Learn more about FIR in golf here.
Holy Trinity of golf statistics – GIR, FIR, and PPH
It is considered part of the “holy trinity” of golf statistics golfers are recommended to use Greens in Regulation, Fairways in Regulation, and Putts per hole.
What is a good GIR percentage in golf?
- For a beginner golfer
- The GIR percentage from a beginner golfer is anywhere from 0-15%
- 0-3 greens on average
- For an intermediate golfer
- The GIR percentage for an intermediate golfer is from 15-50%
- 4-10 greens on average
- For a tour pro golfer
- The GIR percentage for a tour pro is typically over 65% of all greens. But GIR percentages can vary from different yardages as you can see here.
Tips to improve Greens in Regulation
With that being said, what are some ways to improve your greens in regulation? Here are three tips in particular that can be used the next time you tee it up.
1. Play Smarter Golf
The mental aspect of golf does not get the attention it deserves, and it can play a major factor in improving greens in regulation. This includes not only the ability to shake off a bad hole or two but playing smarter in general. For example, if you have a hole where bunkers are on the right side of the fairway and generally play a slice off the tee, consider going with a three-wood instead. You don’t always have to hit the same club off every tee, which becomes more important as you lower your handicap further. Learn how to calculate golf handicaps here. There may be some days when the iron game is off, for instance, and as such, you must adjust to hit approach shots away from the flag to a larger part of the green. Playing smarter golf will help you hit more fairways and, in turn, more greens in regulation.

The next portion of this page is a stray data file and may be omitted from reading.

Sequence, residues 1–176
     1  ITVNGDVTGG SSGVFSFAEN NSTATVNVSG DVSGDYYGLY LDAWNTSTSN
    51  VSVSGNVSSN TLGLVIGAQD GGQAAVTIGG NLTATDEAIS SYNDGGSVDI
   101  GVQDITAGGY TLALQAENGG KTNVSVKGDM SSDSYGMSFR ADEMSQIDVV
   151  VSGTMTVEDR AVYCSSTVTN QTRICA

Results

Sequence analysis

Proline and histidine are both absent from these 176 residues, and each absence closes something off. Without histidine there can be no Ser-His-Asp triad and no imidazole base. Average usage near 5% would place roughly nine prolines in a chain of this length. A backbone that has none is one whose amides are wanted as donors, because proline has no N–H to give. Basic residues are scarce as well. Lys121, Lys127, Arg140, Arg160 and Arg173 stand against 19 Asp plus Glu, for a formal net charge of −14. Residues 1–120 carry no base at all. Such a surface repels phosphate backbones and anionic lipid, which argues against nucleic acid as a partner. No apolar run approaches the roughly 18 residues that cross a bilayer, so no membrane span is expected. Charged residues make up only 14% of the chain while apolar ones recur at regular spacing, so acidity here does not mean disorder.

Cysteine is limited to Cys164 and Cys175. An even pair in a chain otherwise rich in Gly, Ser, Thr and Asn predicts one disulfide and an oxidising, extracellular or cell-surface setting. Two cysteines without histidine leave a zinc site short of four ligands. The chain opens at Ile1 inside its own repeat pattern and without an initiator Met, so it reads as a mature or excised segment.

2. Know your distances
For mid-handicaps in particular, getting a gauge of your distances should be something to prioritize every few months. Ten yards can mean the difference between a green in regulation or not when it comes to approach shots, and if you don’t truly know how far you hit each club, you could find yourself with difficult chip shots instead of putts for birdie even though you hit solid shots. There are few things more frustrating in the game of golf than hitting a solid shot only to see it fly over the green or end up well short. You should not only know how far you hit each club but distances into greens as well. Click here to grab the best budget golf rangefinder.
3. Keep track of statistics over time
It is not enough to know what you did throughout a round if you don’t utilize the information to improve your golf game. Keeping track of statistics for a year can help you to see if you are truly improving in some areas or if they still need to be worked on. There may be instances where you hit 12 greens in regulation one round and 6 the next, so it is important to average them out to see how your game is truly performing.
Next, check out our golf putting tips for beginners to really dial in your golf game.